One of the World's Loveliest Lavender Farms Is Just Outside of London

Jack Taylor/Getty Images
Jack Taylor/Getty Images

Mayfield Lavender in Banstead, UK, an hour outside London, is just as much a treat for the olfactory system as it is for the eyes. The English lavender farm features rolling fields of fragrant plants, and according to Condé Nast Traveler, the site is open to visitors when the flowers are in bloom from June to September.

Originally a Victorian lavender field, the farm was revived in the 2000s by Brendan Maye, who was working in the fine fragrance division of Wella UK at the time. He convinced the company to grow lavender as a marketing stunt, and when the business was acquired by Proctor & Gamble in 2005, he bought the farm and incorporated it under his own name. With help from his wife Lorna, he transformed Mayfield Lavender into a tourist attraction.

The lavender farm opens to the public every year on June 1, with the flowers reaching peak bloom from late June to early September. For £2.50 (about $3.17), guests can wander the 25-acre farm, taking in the sights and scents. When the attraction closes on September 2, visitors can tour the Mayfield nursery and shop in Epsom that's open all year.

If you can't make it to England this lavender season, you can seek out the flowers in the U.S. The town of Shelby, Michigan is home to a massive lavender labyrinth that's visible on Google Earth.

English lavender field.
Jack Taylor/Getty Images

English lavender field.
Jack Taylor/Getty Images

English lavender field.
Dan Kitwood/Getty Images

English lavender field.
Dan Kitwood/Getty Images

[h/t Condé Nast Traveler]

How to Avoid Paying for Your Already-Booked Hotel Room When Your Flight Is Canceled

jacoblund/iStock via Getty Images
jacoblund/iStock via Getty Images

The news that your flight has been delayed or canceled is the last thing you want to hear on your way to the airport. Flight disruptions are more than just inconvenient—they can be expensive. If you planned your trip around arriving at your destination at an exact time, rearranging your itinerary and rescheduling bookings can end up significantly stretching your travel budget. Fortunately, canceling accommodations at the last minute doesn't always have to lead to financial loss. According to Lifehacker, there are tactics you can use to get a full refund on your hotel room.

In some cases, hotels will refund your money without any hassle. Take a look at the fine print of your reservation confirmation: Many major hotel chains give customers the leeway to change or cancel their stay up to 48 to 72 hours before they arrive.

If you're canceling due to a change in flight plans, you're likely scrambling to figure things out with little time to spare. But missing the official window to change your reservation doesn't necessarily mean you're out of luck. Call the hotel's front desk directly and explain your situation. There's a chance they'll take pity on you and refund your money or allow you to tweak your dates at no extra cost. If the reason for your rescheduled flight is a severe weather event that's also affecting your destination, it's especially likely that the hotel will be understanding—and possibly even overbooked and desperate to make room for other guests.

Of course, after trying every trick in your arsenal, the hotel may simply refuse to accommodate you and force you to pay full price for a reservation you can't make use of. When that happens, it's time to look elsewhere for compensation. Under the Montreal Convention, a treaty that covers most international travel, you can receive a payout of up to $5870 to cover financial loss caused by international flight delays in some cases. Here's how to receive the biggest reimbursement possible for the cancelled flight itself at the same time.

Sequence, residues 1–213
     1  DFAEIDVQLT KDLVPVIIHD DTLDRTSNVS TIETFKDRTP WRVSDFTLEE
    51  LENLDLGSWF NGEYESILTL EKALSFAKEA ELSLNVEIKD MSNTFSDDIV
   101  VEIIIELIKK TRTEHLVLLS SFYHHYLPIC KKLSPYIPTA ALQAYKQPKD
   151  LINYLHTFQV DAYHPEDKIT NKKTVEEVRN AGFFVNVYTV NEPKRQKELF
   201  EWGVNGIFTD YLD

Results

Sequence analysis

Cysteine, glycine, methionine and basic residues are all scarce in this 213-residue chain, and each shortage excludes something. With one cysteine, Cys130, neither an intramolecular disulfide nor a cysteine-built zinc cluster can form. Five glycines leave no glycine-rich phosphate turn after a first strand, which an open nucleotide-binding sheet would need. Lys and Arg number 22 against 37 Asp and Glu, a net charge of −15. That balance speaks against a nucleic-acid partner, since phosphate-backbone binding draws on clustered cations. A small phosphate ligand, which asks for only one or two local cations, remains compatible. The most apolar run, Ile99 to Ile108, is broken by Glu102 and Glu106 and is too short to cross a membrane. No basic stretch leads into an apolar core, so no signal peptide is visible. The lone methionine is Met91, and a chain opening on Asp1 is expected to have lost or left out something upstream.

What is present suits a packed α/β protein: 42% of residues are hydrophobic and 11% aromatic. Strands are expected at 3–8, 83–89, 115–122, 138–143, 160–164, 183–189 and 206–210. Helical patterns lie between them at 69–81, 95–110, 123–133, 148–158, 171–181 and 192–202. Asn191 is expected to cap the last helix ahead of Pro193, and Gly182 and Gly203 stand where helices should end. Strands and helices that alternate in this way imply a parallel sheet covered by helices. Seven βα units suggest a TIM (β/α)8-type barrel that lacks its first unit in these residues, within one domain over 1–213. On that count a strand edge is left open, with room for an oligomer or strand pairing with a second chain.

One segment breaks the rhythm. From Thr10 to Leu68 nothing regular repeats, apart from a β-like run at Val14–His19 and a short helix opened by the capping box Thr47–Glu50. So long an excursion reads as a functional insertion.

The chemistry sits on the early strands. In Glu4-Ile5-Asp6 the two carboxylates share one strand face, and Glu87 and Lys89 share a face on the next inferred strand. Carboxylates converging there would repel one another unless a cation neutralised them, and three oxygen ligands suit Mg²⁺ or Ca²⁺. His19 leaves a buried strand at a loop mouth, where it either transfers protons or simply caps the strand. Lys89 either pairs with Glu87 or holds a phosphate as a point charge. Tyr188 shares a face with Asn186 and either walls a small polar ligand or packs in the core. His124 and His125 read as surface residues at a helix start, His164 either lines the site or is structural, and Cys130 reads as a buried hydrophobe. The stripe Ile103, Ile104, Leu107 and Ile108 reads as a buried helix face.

[h/t Lifehacker]

Here’s How to Find Out If Your MacBook Pro Was Just Banned by the FAA

shironosov/iStock via Getty Images
shironosov/iStock via Getty Images

Back in June, Apple issued a recall of approximately 460,000 15-inch MacBook Pro laptops sold between September 2015 and February 2017, stating that “the battery may overheat and pose a fire safety risk.” Now, Bloomberg reports that the U.S. Federal Aviation Administration (FAA) has warned airlines to ban those batteries from flights.

Technically, airlines could have started banning the laptops as soon as Apple issued the recall, since 2016 airline safety instructions mandate that all recalled batteries may not fly as cargo or in carry-on baggage. The FAA has essentially alerted them to the recall and reminded them about the existing rules.

The European Union Aviation Safety Agency banned the laptops in early August, which has been implemented so far by TUI Group Airlines, Thomas Cook Airlines, Air Italy, and Air Transat. Domestic airlines in the U.S. are now following suit, so it’s worth finding out if your laptop battery is part of the recall if you have plans to fly soon. Even if you don’t have any current travel plans, it’s a good opportunity to get your recalled battery replaced—which Apple will do for free.

Fast Company outlines exactly how to check your device: Click the Apple icon in the upper left corner of your screen, and tap “About This Mac.” If you see “MacBook Pro (Retina, 15 inch, Mid 2015)” or a similar description, copy the serial number, and paste it into the box under the “Eligibility” section on this page. If your laptop was affected, scroll down and follow the directions to make an appointment for a replacement battery.

Once your battery is replaced, you’re free to fly with your MacBook; just make sure to bring documentation of your battery replacement to the airport, in case officials ask for proof.

[h/t Bloomberg]

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